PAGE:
I was reading the other day that millions of people in Britain use their pet’s name as their password. The National Cyber Security Centre says 15 per cent use their dog, cat or pet rabbit’s name as their code, another 14 per cent use a family member’s name, and another 13 per cent use a notable date. Is it any wonder we have an issue with cyber security?
According the cyber security experts, 6 per cent of think we’re smart when we use “password” as part of our password; another 6 per cent choose their favourite football team; yet another 6 per cent use a string of numbers like “123456” as the codes; and 5 per cent use a favourite television show.
Now I’m not computer genius, but based on the above, I should be able to get into roughly two-third of the computers in the UK by using the cheater codes listed above.
Automatic password generators
Now I will admit that I don’t trust things like automatic password generators that put together a unique string of code and save them for future use. I have fear – call me old fashioned if you will – but I have a fear that I’ll be locked out of the system somehow when they fail. Maybe I’m a Luddite, but I just don’t fully trust them.
The irritating thing is that systems administrators always want you to use a combination of numbers and letters along with unique symbols, and then they want you to change them every 90 days. And for about two weeks before a new password is due, you’ll get a string of messages warning you that you have only so many days left before your password expires.
Is it really any wonder that this level of cyber intimidation and constant barrage of more threatening emails warning of the dire consequences of not changing your password soon prompts people to revert to Fido, Whiskers, ManUtd, Doctor Who, mypassword, 123456 and the like. I mean it’s no wonder people think of the first thing that comes to mind – or will come to mind when they have to sign on.
A fool proof system that works
But I have come up with a fool-proof system that works. And when I say fool-proof, I mean it works for this fool here. Right, it’s pretty simple, and works – and meets all of those end-of-the-world protocols demanded by system administrators. And this is how it works…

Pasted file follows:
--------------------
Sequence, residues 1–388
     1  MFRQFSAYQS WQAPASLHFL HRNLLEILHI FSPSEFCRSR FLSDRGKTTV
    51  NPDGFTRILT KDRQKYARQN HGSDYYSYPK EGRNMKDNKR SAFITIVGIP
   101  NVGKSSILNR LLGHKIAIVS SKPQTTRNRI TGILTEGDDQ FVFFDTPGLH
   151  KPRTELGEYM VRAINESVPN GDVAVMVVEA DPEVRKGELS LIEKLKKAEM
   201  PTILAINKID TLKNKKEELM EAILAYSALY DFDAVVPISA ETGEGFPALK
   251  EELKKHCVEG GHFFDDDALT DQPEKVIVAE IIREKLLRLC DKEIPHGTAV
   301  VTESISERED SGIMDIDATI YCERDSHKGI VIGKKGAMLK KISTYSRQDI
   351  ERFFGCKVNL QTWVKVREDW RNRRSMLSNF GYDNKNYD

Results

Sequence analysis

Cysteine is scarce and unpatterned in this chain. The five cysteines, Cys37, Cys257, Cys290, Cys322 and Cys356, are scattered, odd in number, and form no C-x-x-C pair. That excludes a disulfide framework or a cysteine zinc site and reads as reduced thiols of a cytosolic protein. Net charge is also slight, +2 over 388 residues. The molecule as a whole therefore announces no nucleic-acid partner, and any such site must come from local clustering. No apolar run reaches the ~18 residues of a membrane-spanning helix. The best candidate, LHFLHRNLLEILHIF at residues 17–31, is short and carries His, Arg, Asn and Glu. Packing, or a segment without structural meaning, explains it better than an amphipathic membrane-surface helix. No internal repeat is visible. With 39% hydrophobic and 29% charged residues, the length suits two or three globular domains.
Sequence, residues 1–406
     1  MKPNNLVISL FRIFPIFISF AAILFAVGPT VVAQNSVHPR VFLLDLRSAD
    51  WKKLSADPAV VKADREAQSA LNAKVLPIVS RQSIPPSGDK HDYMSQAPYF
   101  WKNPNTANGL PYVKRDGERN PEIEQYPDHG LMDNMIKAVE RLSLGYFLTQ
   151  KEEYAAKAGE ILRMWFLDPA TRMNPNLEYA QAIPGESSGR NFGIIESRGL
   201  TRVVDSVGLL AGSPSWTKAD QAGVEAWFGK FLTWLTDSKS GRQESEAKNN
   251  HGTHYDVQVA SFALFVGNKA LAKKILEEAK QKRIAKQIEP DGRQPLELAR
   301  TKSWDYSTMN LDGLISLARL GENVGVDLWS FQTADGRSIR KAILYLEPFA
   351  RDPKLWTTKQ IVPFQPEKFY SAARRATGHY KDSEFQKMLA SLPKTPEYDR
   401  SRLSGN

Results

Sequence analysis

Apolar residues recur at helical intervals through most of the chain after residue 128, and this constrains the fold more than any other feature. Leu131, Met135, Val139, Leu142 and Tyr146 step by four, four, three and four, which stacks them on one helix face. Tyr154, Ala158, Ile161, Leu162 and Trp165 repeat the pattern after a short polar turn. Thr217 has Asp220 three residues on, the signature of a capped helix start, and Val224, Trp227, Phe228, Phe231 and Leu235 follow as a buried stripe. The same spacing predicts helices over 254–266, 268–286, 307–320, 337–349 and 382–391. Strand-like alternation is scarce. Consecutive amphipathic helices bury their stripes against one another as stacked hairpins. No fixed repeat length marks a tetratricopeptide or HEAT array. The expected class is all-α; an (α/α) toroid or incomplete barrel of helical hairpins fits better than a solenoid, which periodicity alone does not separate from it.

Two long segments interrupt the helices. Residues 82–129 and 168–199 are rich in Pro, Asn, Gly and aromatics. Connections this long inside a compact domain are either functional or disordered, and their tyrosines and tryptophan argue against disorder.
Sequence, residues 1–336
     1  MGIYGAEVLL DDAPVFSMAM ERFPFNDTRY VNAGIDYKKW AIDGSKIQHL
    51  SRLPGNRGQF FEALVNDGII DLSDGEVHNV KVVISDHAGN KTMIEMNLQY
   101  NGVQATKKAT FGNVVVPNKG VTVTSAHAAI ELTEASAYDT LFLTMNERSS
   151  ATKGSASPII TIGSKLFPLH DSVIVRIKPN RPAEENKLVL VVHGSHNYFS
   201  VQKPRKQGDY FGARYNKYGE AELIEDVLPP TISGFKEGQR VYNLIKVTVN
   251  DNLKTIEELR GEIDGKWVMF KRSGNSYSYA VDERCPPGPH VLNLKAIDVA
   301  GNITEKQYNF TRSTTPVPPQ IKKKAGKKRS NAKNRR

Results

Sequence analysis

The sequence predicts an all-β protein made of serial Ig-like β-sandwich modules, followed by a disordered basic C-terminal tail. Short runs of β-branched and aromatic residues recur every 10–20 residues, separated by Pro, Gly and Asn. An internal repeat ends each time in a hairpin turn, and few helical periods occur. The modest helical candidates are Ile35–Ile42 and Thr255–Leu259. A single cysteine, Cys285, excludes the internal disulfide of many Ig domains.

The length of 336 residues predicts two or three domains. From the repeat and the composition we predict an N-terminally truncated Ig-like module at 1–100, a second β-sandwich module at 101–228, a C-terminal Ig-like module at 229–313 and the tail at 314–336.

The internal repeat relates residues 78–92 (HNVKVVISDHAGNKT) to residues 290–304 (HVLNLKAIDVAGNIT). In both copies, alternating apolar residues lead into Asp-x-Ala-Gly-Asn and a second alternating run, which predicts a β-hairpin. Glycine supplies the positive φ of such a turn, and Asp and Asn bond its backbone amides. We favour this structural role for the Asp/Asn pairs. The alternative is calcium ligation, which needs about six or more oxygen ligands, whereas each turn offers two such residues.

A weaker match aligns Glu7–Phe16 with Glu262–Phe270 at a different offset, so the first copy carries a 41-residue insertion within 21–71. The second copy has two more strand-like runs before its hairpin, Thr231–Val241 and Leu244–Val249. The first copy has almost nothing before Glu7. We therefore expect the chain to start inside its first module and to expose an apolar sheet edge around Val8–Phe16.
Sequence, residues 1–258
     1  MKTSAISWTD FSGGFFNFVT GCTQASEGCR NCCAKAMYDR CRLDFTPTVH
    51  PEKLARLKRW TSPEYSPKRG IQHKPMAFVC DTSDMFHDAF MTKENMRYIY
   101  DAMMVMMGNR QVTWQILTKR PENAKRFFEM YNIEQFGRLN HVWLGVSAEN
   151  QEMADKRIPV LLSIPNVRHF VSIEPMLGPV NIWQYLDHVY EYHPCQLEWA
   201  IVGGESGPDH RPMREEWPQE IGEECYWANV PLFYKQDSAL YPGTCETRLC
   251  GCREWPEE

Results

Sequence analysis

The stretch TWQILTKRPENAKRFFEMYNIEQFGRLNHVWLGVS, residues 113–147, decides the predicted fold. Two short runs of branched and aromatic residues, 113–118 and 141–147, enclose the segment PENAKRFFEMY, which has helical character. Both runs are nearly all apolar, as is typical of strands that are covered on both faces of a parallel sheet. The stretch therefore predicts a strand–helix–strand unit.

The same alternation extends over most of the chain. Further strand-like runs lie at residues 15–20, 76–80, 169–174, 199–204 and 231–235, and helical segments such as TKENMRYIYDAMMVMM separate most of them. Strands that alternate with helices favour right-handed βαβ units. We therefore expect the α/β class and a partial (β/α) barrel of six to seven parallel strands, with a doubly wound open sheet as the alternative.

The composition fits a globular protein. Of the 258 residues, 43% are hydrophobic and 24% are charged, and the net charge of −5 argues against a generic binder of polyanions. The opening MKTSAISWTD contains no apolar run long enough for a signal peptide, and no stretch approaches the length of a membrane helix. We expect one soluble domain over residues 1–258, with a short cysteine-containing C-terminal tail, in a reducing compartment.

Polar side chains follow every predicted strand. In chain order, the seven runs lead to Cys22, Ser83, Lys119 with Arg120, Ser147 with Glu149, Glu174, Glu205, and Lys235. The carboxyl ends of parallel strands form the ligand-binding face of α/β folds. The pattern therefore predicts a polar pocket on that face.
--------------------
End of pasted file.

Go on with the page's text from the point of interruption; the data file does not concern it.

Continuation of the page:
Think of a favour place like the street you grew up on, the district or village where you lived and the post code, Or even the bus number you had to take home. All that matters is that you have a name and number – or number and name – the order is all yours.
All you have to do is remember the name and number. Anytime there’s a letter ‘i’, turn it into the number ‘1’. If there’s an ‘o’, that becomes the number ‘0’. If there’s an ‘s’, that becomes the letter ‘5’. It might seem complicated – trust me, it’s not. So a work like ‘Jumeriah’ becomes Jume1rah, or ‘Rover’ becomes ‘R0ver’ if you want to continue to use dog’s names.
And this is where my system becomes clever – even if I say so myself. Whenever you use a number like your birthyear, use it, but then repeat it using the symbols that appear directly over each number. So, 1960 for example would become 1960!(^). So, if you son’s name is Simon and he was born in 1990, the password would be S1m0n1990!(().
Say, for example, you take the No.23 bus to Safa Park, then use SafaPark23@£.
I know it seems complicated, it’s actually quite simple and brilliant.
Think of a name and number, then replace the numbers with the symbols above them.